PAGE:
Good arvo from Sydney, Australia, where it's beautiful even in the dead of winter and the people use contrived abbreviations for literally everything. I kid, I kid. Australia is great, and the vegemite is even greater. I've spent my winter internship (also called a "summer internship" for my compatriots above the Equator) working on the Google Maps API for Flash, which was released back in May. If you're like me, you might think that Flash is a tool for creating amateur cartoons of questionable legality after school. Friends, I assure you -- it's so much more.

JavaScript developers have reaped the benefits of driving directions in the Google Maps API for over a year now, but without them Flash developers have endured three long months of repeatedly getting lost. As someone who accidentally drove into Oklahoma for well over an hour before realizing that his roadtrip only involved Texas, I feel your pain, Flash folk. But worry no longer, for I bring good news. It has been my pleasure to rectify this disorientation dilemma and bring the enormous utility of driving directions to our Maps API for Flash, starting with version 1.6.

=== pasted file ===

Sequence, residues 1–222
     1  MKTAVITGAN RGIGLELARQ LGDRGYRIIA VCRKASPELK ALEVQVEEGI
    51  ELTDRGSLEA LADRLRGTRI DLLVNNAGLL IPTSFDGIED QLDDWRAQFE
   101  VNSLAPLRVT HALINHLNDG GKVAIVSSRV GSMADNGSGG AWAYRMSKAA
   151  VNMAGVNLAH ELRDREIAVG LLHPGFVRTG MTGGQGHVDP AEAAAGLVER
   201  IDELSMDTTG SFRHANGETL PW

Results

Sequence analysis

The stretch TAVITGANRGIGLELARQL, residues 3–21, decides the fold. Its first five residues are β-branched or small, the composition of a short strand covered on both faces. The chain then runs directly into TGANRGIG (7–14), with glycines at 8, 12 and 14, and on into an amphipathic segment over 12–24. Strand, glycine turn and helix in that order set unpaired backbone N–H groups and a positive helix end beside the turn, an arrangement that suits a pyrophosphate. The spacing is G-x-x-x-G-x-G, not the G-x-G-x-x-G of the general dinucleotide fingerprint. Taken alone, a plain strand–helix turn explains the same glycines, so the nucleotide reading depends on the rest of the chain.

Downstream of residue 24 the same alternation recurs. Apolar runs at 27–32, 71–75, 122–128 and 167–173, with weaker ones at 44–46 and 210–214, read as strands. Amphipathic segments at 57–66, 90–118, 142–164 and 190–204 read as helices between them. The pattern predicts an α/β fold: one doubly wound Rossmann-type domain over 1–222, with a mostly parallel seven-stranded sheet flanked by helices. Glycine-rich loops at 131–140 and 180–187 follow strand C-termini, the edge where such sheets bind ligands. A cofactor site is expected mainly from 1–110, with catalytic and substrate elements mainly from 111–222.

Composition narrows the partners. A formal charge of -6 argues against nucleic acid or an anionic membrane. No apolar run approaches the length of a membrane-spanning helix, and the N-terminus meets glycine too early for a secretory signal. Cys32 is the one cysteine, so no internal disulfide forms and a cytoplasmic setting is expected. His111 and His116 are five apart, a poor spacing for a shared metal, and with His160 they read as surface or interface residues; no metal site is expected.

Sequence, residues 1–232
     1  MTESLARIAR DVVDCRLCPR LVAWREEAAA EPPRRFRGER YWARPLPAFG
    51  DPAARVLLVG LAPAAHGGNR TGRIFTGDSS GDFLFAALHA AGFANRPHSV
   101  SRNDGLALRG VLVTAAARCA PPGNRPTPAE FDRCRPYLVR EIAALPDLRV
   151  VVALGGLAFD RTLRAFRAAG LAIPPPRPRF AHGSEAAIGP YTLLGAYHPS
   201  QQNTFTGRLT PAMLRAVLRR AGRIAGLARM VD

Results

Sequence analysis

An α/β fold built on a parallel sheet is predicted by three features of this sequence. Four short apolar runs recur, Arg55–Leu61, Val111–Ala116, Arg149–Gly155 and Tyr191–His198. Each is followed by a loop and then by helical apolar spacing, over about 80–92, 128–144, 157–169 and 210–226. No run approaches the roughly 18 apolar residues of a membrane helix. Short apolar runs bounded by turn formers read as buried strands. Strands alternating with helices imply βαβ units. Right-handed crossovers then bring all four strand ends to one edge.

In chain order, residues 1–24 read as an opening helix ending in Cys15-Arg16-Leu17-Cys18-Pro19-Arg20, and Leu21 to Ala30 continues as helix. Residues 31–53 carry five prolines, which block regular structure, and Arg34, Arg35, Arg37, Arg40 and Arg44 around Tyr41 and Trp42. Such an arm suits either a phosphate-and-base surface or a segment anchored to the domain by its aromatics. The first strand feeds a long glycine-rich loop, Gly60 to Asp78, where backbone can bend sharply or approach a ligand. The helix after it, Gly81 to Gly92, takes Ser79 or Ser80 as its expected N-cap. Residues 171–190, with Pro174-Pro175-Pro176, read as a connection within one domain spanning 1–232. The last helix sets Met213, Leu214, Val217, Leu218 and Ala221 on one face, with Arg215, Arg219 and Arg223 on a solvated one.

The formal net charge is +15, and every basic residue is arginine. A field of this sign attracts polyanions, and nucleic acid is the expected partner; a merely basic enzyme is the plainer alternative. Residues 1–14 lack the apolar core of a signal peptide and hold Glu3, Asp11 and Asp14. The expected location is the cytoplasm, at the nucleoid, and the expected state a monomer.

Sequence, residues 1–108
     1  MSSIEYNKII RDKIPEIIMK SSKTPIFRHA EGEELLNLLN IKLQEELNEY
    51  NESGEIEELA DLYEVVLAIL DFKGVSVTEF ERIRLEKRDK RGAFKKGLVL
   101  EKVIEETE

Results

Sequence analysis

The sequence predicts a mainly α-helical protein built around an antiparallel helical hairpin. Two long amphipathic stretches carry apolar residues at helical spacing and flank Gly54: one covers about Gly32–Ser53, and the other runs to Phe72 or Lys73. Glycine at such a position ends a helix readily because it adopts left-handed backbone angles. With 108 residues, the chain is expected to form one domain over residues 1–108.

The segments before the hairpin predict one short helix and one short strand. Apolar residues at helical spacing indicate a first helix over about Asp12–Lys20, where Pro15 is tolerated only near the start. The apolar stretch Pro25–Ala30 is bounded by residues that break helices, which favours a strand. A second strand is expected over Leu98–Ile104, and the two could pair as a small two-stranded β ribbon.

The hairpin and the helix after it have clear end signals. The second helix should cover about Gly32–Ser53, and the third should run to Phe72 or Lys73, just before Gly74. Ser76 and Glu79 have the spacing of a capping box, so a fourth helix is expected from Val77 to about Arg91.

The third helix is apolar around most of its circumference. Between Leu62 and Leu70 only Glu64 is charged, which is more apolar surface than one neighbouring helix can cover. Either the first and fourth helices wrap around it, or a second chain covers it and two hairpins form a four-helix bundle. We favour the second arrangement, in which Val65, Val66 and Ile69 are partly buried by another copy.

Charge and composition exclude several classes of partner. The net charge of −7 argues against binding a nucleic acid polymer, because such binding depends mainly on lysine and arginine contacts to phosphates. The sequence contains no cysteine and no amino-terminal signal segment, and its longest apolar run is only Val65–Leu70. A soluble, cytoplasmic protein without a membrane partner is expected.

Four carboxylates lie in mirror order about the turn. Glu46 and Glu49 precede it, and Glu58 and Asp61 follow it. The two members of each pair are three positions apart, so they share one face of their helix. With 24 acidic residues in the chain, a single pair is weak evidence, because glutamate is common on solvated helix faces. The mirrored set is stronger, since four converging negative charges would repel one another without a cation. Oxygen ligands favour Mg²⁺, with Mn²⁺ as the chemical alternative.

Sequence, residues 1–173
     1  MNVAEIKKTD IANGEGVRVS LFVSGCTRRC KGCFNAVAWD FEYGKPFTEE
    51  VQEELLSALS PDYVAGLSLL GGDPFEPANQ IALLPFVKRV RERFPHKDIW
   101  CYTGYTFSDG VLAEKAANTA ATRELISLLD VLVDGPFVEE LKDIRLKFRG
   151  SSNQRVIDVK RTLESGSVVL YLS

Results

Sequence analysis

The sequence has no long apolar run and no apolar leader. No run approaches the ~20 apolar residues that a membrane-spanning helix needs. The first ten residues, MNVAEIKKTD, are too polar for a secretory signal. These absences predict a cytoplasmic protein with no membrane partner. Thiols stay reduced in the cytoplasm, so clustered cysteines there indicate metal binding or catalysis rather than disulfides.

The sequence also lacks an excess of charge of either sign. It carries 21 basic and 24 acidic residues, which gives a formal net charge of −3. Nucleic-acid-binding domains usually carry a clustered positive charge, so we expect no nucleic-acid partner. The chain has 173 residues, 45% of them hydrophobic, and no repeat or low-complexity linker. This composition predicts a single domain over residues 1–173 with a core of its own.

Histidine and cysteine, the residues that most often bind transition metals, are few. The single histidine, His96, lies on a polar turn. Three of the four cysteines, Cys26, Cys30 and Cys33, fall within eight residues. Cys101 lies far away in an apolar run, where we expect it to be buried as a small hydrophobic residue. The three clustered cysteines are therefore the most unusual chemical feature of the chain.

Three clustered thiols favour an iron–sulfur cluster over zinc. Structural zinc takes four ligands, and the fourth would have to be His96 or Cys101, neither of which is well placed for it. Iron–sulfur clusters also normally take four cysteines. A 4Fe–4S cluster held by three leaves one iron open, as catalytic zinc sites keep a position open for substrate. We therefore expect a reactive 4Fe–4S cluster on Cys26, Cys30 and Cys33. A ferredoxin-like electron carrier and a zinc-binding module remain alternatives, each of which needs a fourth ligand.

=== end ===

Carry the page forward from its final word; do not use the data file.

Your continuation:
The interface for the Flash API's Directions class closely resembles that of the JS API's GDirections class. You still create a Directions object, optionally listen for load/fail events on it, and then call the load() method with a directions query. The Directions object contains all the response information as Route and Step objects, also like the JS API. The awesome thing about Flash is that you can then include all sorts of animations and movie clips to complement the directions in your application. Consider the following application which uses a penguin to show you how to get from the Alamo Drafthouse movie theater to Waterloo Records in Austin:

Sure you could probably whip that up in a JavaScript application, but envision this scenario: an animated car traverses the route of your roadtrip; your videos are overlaid onto the map at their original shooting locations; and your meticulously selected playlist of driving music plays chronologically in the background. And that, my friends, is the power of Flash.